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Alder Award Abstracts

Friday, August 7, 2:00 PM - 3:20 PM, Marriott Wardman Park, Salon 2/3

In January 2003, MAA established the Henry L. Alder Award for Distinguished Teaching by a Beginning College or University Mathematics Faculty Member to honor beginning college or university faculty whose teaching has been extra ordinarily successful and whose effectiveness in teaching undergraduate mathematics is shown to have influence beyond their own classrooms. An awardee must have taught full time in a mathematical science in the United States or Canada for at least two, but not more than seven, years since receiving the Ph.D. Each year at most three college or university teachers are to be honored with this national award and are to receive $1,000 and a certificate of recognition from the MAA. Award recipients will be expected to make a presentation at one of the national meetings of the MAA. Nominations for the award may be made by any member of the MAA or by any section of the MAA.

This session will be moderated Francis Su, Harvey Mudd College, MAA President.

Reality Shifting: Building Mathematical Confidence

2:00 PM - 2:20 PM
Talithia WilliamsHarvey Mudd College

The decision to pursue a career in mathematics, whether academic, industry or government, often rests on one’s perception of their own mathematical talent. As such, it’s easy for us to lose talented students who don’t “see” themselves as mathematically gifted. During this talk, I’ll highlight teachers and professors who shifted my reality by building my mathematical confidence and discuss ways that I continue that legacy with my own students.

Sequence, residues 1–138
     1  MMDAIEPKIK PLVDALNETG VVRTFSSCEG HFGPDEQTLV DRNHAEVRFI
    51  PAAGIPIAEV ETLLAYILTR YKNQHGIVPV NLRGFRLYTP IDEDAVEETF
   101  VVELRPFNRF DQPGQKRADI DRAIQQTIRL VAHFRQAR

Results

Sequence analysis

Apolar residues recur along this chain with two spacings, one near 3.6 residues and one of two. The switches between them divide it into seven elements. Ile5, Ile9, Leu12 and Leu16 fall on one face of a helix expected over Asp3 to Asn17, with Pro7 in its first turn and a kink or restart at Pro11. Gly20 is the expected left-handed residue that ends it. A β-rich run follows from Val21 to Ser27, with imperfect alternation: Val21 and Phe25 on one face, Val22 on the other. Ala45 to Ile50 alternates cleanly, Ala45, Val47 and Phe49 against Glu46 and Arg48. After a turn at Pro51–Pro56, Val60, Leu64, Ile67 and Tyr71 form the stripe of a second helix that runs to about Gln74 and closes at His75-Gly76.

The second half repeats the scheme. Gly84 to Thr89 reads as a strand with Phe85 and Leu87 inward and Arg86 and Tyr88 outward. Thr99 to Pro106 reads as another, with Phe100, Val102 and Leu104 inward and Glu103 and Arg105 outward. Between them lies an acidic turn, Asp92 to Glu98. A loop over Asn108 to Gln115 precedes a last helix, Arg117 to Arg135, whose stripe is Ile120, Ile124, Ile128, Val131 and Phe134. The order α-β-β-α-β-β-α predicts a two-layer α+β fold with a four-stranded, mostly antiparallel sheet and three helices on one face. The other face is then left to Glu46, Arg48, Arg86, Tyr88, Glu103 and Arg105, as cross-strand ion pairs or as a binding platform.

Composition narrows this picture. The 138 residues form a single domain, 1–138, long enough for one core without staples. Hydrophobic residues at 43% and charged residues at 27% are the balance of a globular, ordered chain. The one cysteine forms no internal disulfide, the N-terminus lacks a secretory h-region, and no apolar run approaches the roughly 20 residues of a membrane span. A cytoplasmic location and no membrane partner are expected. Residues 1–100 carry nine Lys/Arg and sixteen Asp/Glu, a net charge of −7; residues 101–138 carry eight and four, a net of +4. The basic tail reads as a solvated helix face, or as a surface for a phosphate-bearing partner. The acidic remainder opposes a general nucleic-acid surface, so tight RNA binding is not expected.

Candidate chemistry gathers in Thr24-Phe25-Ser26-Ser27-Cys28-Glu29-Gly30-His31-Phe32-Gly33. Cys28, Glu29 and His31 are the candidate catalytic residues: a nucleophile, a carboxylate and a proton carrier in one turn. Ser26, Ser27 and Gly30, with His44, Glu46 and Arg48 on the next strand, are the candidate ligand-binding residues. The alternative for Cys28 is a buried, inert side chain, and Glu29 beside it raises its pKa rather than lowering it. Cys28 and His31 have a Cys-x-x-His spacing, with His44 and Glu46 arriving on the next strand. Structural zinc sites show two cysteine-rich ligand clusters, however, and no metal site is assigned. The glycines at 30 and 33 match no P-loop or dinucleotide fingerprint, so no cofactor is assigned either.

A Taste of Research

2:30 PM - 2:50 PM
Patrick X. RaultSUNY Geneseo

Research experiences in undergraduate mathematics develop critical thinking and intellectual independence, but relatively few students have the opportunity to participate. We will discuss the Inquiry-Based Learning (IBL) teaching style, which can bring a taste of these experiences to the rest of our students. Such active learning strategies have gained significant endorsements in recent years, most notably from the NSF with a 2014 press release titled “enough with lecturing.” A comprehensive and high-impact study published last year states that these tastes of research significantly improve grades and reduce failure. It may now be time to stop asking “should we transition to an active classroom?” and start asking “what kind of active classroom should I create?” The Greater Upstate New York IBL Consortium provides a model to support making the transition at a regional level.

Be Inspirable!

3:00 PM - 3:20 PM
Allison K. HenrichSeattle University

Zap! A flash of inspiration strikes. You’re in a summer PREP workshop, and you get a great idea for a technique you can try in your classes to encourage students to take more ownership of their learning. What happens next? You excitedly return home. You redesign your syllabus for the next class you’re going to teach in the fall—incorporating your new idea. You can’t wait to try it out! If this sounds like you, you’re probably inspirable. Inspirable people put themselves in situations where they’ll be exposed to new ideas. And what’s more, they will often grab on to new ideas and run with them, changing the way they teach, mentor, approach their scholarship, and engage with their community. Inspirable people are often high achievers and agents for positive change. If I could give one piece of advice to a student or recent PhD, it would be this: Be inspirable. In this talk, I’ll tell a few stories about times I’ve been inspirable and describe what unfolded as a result.